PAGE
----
&y

It's just as well that reporters are going to have to work in person. Once they shut down Abramoff's and Wilkes' lobbying shops, no one will be eating at DC restaurants anymore. Someone's got to support the restaurant industry, you know.

The media may even begin thinking "Fascists" and do some honest investigative reporting. Maybe not.

How could people at ABC, WaPo, NYTimes, and anywhere *not* realize they were being tracked by Bush? Do MSM reporters need to see the guys with the funny hats, wearing sunglasses on a dark train, staring at them and taking notes, to realize what's happening in this country?

"dark gray felt hats and impassive faces that, to the knowing, suggest the KGB officer."

http://www.time.com/time/archive/preview/0,10987,911922,00.html

Quick quiz: describe the Bush secret police officer.

FYI, my brother ran into one once on a commercial flight. He was a muscular goon who looked totally out of place in first class. You'll never guess what he left in the bathroom that identified him all too easily.

OT - but this is where I run when I cannot access FDL. Could get in this a.m. and was quite fast -- but now all I get is 'wordpress' notice. New server problems I guess. Or Bushbots have finally figured out where the good people reside and are trying to waylay us on our way to the revolution.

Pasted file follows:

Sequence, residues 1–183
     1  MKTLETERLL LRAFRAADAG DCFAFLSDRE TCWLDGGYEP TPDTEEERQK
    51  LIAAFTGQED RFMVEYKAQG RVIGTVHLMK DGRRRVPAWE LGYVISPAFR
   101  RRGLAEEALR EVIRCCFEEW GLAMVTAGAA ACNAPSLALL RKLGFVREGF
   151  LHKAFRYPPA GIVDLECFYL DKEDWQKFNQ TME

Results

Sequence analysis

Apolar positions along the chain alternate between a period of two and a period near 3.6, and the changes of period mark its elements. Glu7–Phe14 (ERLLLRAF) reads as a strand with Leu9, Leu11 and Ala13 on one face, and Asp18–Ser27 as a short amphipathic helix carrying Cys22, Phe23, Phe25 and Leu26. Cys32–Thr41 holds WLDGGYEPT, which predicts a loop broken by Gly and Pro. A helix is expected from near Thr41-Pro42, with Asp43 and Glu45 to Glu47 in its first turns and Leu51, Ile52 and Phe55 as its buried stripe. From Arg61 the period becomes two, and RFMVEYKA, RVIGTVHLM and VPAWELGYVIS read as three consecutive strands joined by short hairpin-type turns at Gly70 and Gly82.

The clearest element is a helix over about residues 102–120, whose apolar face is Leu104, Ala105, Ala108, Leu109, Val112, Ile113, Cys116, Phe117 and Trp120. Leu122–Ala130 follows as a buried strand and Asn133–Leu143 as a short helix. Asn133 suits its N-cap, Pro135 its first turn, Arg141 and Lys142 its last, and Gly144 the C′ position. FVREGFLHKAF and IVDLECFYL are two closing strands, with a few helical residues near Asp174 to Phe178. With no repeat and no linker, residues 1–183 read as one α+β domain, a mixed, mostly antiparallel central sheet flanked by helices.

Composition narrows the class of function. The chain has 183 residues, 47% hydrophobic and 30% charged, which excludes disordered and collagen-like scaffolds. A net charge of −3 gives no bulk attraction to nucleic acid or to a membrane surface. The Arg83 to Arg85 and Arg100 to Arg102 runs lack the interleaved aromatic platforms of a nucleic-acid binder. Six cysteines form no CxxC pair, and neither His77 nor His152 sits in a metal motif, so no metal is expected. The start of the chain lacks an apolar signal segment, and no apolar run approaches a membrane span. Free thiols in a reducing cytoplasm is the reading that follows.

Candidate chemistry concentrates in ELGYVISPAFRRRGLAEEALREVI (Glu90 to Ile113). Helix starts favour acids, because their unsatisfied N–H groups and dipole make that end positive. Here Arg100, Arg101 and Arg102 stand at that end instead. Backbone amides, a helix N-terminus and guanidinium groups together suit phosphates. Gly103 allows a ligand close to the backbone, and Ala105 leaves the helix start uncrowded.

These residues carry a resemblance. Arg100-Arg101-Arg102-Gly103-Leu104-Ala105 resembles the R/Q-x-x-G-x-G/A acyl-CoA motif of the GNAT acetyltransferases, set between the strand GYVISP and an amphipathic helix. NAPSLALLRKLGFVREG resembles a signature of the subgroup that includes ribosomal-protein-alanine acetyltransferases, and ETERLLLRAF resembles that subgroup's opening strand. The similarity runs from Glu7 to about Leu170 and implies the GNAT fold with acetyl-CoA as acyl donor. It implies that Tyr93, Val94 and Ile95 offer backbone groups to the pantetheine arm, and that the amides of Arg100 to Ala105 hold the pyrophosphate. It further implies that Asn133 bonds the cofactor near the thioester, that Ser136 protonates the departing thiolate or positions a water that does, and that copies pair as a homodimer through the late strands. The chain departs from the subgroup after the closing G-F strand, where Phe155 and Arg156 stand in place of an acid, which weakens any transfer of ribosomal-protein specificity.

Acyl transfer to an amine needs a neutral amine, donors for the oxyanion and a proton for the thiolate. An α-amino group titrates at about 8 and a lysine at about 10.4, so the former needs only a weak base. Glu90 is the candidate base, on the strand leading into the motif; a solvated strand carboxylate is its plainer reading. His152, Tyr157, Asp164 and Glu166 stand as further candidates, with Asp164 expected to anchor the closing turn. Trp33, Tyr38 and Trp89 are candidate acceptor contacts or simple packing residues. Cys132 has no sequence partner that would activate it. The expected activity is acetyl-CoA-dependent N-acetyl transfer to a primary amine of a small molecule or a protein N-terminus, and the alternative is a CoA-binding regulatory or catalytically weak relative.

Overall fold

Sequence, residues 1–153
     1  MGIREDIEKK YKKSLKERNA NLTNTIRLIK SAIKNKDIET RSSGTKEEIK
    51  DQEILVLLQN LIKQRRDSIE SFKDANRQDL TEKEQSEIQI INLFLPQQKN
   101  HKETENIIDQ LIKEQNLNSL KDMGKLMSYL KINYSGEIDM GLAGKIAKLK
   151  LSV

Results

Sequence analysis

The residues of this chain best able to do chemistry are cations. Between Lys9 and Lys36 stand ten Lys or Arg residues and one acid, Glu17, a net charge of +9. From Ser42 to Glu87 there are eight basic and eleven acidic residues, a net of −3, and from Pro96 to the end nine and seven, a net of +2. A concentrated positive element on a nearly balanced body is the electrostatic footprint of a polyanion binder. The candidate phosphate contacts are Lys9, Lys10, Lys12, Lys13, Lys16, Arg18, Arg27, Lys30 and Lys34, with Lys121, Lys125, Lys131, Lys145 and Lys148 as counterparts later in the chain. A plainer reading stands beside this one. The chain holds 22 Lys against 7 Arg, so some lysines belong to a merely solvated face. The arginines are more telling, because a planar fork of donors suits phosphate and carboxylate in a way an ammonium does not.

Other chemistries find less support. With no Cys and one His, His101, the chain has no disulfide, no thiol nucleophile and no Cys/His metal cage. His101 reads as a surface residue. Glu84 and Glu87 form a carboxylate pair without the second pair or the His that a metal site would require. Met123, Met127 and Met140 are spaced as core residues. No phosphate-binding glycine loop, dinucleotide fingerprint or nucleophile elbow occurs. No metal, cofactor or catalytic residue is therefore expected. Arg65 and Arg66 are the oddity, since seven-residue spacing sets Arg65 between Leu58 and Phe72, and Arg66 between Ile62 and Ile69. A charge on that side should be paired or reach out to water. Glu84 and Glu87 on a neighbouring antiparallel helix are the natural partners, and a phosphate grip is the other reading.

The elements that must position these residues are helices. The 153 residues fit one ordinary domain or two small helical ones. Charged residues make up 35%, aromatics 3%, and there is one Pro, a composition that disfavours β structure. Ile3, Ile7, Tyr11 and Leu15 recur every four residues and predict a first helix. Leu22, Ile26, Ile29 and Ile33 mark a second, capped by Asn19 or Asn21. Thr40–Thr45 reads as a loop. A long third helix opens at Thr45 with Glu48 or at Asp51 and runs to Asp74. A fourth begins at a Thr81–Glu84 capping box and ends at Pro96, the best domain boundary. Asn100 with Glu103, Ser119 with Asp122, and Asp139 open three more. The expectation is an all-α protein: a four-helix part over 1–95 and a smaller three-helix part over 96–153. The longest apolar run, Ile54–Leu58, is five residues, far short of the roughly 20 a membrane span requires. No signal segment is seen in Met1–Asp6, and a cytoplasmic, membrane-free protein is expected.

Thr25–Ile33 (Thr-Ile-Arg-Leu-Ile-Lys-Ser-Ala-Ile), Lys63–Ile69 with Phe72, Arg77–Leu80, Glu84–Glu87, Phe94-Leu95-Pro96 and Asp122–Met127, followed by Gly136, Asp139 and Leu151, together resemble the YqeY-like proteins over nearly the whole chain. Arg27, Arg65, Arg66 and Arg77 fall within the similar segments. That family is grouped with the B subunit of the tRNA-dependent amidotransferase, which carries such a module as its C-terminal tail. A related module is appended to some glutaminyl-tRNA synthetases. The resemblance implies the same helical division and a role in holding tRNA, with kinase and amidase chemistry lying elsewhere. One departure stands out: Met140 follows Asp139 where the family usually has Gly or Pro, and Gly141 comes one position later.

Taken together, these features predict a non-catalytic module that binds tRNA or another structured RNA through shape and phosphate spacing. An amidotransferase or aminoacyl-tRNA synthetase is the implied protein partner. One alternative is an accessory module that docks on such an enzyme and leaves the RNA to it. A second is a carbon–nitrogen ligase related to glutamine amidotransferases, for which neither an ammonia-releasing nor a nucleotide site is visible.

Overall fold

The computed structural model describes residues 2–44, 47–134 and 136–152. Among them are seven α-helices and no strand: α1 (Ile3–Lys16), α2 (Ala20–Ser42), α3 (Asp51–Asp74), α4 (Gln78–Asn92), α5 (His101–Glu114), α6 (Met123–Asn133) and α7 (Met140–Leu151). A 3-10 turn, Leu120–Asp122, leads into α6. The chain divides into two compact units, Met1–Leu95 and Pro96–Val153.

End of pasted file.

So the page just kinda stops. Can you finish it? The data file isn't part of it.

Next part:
Now you know why they hate Seymour Hersh but are helpless to stop his reporting - he meets his informants in person and never discusses anything substantive with them via e-mail or phone. BTW he probably practices better tradecraft than 90% of today's spooks.

BTW he probably practices better tradecraft than 90% of today's spooks.

I would bet a lot of his sources have a keen interest in seeing him survive.

Mike G, come on, don't leave us hanging!

What? His shoephone?

so ABC is stupider than the terrorists ???

I mean, Osama Bin Laden is smart enough to figure that bush is listening to his calls, but reporters at ABC can't figure that out ???

are they stupid ???

corrupt ???

or just complicit in the crime ???

I'm waiting to hear this explanation

wanna bet that ABC executives decide that the criminal bugging of news reporters is OK with them ???

"'...a widespread CIA leak investigation,' but the article goes onto say that people are being specifically interviewed about James Risen. Whose great sin against the Administration, of course, is reporting on an NSA program, not a CIA one."

I too wonder which investigation. Maybe McCarthy's CIA-IG due diligence parallel to Tenet's mea for the SOTU16. Though the NSA person is migrating to DI, somewhat blurring the separation for a transition period until acclimatized to the Company way. As far as the NSA leak, though, Gonzales announced the internal investigation in December, to find the leaker and leakees, including subpoenaing reporter's private notes. But with the unilateral executive policies as they have become publicized in the past half year, someone probably pointed out to AG that they did not need to subpoena or go thru FISC. Kind of their version of the Just Do It modern world-outlook.